Date of Conferral
Dr. Hadi Danawi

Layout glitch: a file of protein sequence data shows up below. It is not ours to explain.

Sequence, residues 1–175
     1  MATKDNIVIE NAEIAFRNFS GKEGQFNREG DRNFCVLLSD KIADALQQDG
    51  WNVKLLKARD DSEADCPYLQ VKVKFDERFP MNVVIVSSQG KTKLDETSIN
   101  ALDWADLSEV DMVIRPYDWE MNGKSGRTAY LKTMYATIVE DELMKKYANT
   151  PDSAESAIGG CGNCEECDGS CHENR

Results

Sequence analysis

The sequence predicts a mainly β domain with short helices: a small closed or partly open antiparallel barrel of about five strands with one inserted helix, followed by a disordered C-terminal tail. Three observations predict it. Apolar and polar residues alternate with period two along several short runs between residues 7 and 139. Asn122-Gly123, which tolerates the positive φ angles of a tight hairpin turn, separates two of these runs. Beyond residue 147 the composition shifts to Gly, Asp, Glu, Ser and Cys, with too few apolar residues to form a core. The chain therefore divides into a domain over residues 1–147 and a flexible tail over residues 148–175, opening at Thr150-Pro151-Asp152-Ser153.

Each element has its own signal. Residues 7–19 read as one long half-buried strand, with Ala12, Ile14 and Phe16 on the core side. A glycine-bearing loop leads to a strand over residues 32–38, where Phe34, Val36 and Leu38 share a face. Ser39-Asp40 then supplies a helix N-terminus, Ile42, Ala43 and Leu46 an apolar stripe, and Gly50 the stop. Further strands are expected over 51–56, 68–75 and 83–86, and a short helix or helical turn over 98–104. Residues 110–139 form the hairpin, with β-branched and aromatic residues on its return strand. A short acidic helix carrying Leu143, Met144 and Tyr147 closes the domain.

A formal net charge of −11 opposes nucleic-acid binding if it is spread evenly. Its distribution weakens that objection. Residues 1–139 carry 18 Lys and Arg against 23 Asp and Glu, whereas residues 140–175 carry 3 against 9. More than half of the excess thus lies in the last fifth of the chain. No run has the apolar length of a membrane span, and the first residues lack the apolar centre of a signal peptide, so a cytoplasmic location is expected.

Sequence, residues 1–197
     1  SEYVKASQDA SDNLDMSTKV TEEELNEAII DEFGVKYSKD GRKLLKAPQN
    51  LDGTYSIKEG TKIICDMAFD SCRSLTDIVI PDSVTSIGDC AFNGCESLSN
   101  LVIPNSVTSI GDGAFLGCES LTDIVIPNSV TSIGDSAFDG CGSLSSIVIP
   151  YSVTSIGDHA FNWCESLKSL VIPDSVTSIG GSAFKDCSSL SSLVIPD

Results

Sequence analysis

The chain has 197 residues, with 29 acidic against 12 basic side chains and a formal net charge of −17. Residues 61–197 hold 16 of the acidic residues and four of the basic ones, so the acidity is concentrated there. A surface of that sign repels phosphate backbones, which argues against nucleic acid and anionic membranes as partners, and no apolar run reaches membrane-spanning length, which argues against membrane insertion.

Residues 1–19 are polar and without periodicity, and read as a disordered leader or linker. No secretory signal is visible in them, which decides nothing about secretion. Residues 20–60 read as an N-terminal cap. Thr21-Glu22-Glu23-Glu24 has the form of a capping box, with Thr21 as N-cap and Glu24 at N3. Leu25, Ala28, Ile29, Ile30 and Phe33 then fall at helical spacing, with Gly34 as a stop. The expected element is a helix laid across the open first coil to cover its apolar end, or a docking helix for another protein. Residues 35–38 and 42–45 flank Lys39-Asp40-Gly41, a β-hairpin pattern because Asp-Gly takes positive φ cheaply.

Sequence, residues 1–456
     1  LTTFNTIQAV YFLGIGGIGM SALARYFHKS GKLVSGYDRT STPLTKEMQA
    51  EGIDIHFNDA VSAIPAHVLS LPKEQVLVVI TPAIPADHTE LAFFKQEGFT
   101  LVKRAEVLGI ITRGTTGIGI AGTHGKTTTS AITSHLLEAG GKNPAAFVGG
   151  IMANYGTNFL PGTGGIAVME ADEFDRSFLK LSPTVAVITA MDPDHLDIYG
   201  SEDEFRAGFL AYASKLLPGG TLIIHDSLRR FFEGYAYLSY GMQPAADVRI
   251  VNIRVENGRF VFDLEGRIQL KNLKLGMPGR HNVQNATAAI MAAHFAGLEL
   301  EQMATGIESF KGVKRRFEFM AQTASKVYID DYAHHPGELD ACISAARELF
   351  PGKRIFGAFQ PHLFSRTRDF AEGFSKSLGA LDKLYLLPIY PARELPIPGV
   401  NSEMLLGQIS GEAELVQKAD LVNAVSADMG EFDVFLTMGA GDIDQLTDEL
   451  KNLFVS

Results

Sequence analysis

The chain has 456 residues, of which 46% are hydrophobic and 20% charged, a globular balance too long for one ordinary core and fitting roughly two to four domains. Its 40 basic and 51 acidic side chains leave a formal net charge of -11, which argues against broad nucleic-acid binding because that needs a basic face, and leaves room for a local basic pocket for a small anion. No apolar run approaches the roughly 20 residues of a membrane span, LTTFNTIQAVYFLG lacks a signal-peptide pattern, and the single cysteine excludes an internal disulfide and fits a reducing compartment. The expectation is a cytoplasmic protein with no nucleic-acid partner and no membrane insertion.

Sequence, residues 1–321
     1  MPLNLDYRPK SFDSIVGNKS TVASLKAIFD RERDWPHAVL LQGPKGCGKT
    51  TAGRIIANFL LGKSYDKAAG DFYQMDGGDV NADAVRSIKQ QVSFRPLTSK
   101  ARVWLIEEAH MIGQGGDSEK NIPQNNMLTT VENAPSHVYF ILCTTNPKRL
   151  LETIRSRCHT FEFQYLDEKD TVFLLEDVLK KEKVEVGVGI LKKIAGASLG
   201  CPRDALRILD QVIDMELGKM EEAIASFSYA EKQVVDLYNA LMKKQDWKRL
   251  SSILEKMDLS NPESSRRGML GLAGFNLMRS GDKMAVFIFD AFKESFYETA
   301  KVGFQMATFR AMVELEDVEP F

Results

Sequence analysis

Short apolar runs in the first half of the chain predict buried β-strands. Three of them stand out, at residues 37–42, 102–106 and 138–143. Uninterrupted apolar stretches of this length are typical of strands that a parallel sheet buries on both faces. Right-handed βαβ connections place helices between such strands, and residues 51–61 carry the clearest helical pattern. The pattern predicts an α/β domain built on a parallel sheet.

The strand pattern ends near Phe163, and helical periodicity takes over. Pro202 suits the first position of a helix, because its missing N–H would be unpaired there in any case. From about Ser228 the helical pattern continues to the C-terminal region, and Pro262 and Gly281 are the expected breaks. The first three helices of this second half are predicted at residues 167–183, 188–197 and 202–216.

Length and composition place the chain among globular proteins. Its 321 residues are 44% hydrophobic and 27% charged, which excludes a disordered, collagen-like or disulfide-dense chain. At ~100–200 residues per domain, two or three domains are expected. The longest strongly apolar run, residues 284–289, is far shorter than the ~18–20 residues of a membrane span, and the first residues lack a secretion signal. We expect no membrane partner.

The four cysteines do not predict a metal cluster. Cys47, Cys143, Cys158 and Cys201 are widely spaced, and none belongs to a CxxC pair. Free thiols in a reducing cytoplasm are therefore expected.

Preexposure prophylaxis (PrEP) is an innovative biomedical approach that has been used over the past 6 years to avert the spread of human immunodeficiency virus (HIV). Under-prescribing of PrEP could increase the probability of HIV exposure among serodiscordant couples/partners and those who do not practice safe sex. Previous PrEP research has not assessed the association between awareness of PrEP, years of experience of providers, provider types, and the frequency of PrEP prescription among physicians. Precaution adoption model framed this study, which aimed to evaluate the bond between the independent variables relating to awareness of PrEP, years of experience, and provider types with the outcome of the frequency of PrEP prescription among physicians. A cross-sectional design was applied to survey 100 physician participants. Kendall's tau-b correlation test and Fisher's exact test were used to analyze the research questions. Eighty-seven percent of the surveyed physicians had low awareness about PrEP, and 90% never prescribed PrEP. Lack of awareness was the primary barrier to prescribing PrEP at the providers' level. Kendall's tau-b correlation test showed that higher awareness of PrEP and years of experience were associated with the frequency of PrEP prescription at 95% confidence interval. However, Fisher's exact test showed an insignificant difference between provider types and the frequency of PrEP Prescription. These findings support the notion that independent of specialty, the more physicians know about PrEP and the more years of experience they have, the more they prescribe it. The results and recommendations could enhance positive social change by providing information to develop an inclusive PrEP education curriculum for health care professionals.